The Society of Bud Kissers

The Society of Bud Kissers was founded in 1482 and thus has a long and distinguished history of welcoming spring. Its members operate individually and as part of a group, depending upon temperament and location. Their principal job is to welcome spring by, as the name suggests, kissing the emergent buds of leaves and flowers. The greater the amount of kisses a plant receives, the more gloriously it will flourish that year. Maisie is the head of the River Great Ouse chapter, and has been bud kissing for most of her life. She was first welcomed as a bud kisser by her grandmother as part of her third birthday ceremonies. Always on the lookout for new members, her grandmother’s keen eye observed Maisie turn down a kiss from Thomas and instead lay a fat one on a daisy. It was therefore foreseen, from an early age, that Maisie would one day

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Deadloggosaurus

I know it doesn’t look like it, but this is a dinosaur; I found it in Knole Park. It has deliberately camouflaged itself to look like a dead log, but if you stare at the wide, circular opening, you’ll come to see that it’s actually a giant mouth, beckoning you to enter. Dinosaurs are always hungry, even dead ones. This is a standard natural history fact, and it’s why there are armed security guards around the National History Museum at night. Just saying. Anyway, point is, this dinosaur, whom we shall call Deadloggosaurus, wants you to enter, but you’d be wise to hold off on that. For starters, at night, hoards of demonic creatures come scuttling out. Some of them carry a bag of rosehip powder which they spend the night pouring down human noses. Ever wake up with inexplicable allergies? Now you know why. Other things which come out of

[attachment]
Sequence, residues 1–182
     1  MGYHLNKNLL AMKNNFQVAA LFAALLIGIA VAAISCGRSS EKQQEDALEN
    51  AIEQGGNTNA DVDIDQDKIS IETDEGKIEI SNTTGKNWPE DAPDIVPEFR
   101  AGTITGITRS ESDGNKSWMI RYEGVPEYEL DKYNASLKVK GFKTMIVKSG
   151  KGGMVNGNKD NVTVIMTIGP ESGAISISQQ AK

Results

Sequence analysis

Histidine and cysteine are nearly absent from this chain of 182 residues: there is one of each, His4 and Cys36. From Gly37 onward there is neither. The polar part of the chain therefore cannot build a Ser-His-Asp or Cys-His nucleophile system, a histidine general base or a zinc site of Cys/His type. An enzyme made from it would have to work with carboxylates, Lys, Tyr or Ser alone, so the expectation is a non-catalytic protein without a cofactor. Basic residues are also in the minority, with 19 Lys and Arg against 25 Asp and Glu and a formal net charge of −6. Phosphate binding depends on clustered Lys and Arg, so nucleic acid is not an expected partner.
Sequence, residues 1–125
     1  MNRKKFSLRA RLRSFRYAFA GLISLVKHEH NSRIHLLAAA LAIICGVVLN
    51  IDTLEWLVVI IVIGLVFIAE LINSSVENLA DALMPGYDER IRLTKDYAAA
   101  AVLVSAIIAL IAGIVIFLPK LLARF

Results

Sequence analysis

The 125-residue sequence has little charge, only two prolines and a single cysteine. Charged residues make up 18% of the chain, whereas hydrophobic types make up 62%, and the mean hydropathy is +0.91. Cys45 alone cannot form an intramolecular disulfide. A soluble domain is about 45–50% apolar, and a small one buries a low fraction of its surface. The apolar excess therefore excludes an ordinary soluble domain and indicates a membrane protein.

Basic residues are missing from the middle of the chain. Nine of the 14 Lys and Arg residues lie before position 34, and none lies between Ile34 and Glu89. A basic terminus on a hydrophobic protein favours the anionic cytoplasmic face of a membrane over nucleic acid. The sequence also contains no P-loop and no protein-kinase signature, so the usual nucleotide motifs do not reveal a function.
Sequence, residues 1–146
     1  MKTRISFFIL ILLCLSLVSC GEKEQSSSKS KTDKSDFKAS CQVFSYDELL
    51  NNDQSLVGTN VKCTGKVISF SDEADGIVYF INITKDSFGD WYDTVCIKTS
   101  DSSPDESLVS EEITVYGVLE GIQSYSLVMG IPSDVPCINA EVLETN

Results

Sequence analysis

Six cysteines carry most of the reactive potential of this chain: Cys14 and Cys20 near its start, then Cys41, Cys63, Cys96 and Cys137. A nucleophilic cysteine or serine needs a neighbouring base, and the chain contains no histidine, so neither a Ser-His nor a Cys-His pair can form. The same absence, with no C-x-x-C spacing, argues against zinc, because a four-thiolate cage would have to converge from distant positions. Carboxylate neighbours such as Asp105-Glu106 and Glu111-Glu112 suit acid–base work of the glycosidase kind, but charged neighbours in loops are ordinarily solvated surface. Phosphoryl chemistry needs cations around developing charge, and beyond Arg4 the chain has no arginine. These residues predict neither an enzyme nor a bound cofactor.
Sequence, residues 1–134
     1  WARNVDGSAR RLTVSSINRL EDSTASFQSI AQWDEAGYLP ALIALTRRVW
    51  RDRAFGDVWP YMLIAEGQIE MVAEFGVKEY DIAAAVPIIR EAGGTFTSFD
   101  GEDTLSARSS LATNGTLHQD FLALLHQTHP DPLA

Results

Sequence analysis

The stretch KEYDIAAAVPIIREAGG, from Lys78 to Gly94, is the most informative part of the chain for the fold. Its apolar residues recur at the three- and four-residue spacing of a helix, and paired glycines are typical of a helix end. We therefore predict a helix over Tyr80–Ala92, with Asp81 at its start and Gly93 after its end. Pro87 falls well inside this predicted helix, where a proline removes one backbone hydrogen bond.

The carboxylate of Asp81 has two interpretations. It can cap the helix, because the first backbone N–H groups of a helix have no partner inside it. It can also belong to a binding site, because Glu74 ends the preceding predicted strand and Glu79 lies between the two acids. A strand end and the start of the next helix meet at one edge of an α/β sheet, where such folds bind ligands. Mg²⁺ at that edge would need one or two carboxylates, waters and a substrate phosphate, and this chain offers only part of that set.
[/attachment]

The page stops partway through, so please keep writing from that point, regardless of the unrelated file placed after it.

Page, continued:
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Richard the anxious tree

Richard was an over-thinker, that’s why his boughs and branches were curled erratically and so close to his trunk: he couldn’t decide on the direction of growth. His stunted appendages, all cluttered and clustered around him, obscured his view. Thus, he only ever partially grasped the goings on of the woods, and in his half-knowledge there was a darkness: he always chose the most unhelpful and fearful point of view. It had been a long time since the people of the forest had tried to talk him down from whatever terrified drama he was riding on. They had exhausted their capacity for trying to make him see sense. Nowadays, they observed him from a distance, and resigned to accept him as chaotic and panic-ridden. There goes Richard, they’d say, talking up the devil from the deep. Richard was alone in his unhappy corner of the forest, and only the young and

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The Droplet Tree

This here tree is a special tree. It does not have a formal name, but the Society of the Ladies of Blackheath Common told me they call it the Droplet Tree. The Society has lore which dates back centuries, the most important being that only the most dedicated early risers have a chance of encountering the Droplet Tree, as the sun takes the droplets once it gets high enough over the horizon. After which, the Droplet Tree becomes indistinguishable from other trees; the magic is broken. According to the Society, when the early morning walker encounters the Tree, and should they take the time to pause and wonder, they will find a different scene reflected in each and every glassy bead suspended from its branches. Each walker’s set of scenes will cut across a particular emotion. So, for instance, when Betsy first encountered the Tree, her scenes were a scattering of

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Tree Lace

The lace on this tree is dying because you don’t love it enough. Seriously, when was the last time you went into Alice Holt Forest to tell this tree how beautiful it is? Don’t lie, I know it’s been a long, long time. People say you shouldn’t anthropomorphise, but they’re wrong. Trees, like humans, need to be loved. They need to know they are wanted, valued, and adored; they already know they are needed, even if most humans seem to have forgotten that.  It’s not just trees which need to be loved, it’s a feature of all matter; a simple fact of the universe. It’s just more apparent in certain types of species. We recognise it in humans because we recognise it in ourselves. In turn, it’s easier to see in our furry friends because of proximity and what we read in their eyes. Likewise, we know our pot plants need

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